Proposed changes to liquor licensing laws in Queensland are ruffling the feathers of venue owners and drinkers alike, but data following strict changes in NSW correlate with a sharp fall in assault rates. By Andrew McMillen.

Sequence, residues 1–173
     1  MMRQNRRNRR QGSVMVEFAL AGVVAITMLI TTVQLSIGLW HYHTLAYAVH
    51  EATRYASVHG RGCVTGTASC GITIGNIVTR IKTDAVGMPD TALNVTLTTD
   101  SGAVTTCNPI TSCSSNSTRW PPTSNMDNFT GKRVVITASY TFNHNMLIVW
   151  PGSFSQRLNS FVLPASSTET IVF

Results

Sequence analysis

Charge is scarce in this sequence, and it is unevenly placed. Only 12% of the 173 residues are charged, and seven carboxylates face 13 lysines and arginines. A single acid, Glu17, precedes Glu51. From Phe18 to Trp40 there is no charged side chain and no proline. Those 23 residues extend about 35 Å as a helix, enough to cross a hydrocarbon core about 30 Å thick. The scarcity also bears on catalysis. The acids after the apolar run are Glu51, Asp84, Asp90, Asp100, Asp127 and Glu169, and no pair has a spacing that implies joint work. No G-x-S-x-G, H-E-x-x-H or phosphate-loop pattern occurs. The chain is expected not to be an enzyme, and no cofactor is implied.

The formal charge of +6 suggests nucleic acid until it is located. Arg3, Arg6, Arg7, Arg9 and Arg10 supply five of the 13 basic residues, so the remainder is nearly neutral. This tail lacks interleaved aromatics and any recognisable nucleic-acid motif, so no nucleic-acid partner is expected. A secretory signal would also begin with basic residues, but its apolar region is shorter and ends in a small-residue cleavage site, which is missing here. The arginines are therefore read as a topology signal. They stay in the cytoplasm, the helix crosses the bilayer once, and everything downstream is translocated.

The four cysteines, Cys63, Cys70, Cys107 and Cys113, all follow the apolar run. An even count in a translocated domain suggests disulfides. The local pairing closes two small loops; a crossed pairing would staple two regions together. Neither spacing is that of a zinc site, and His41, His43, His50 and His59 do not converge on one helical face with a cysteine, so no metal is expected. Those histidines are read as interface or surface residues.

Queensland plans crackdown on alcohol-fuelled violence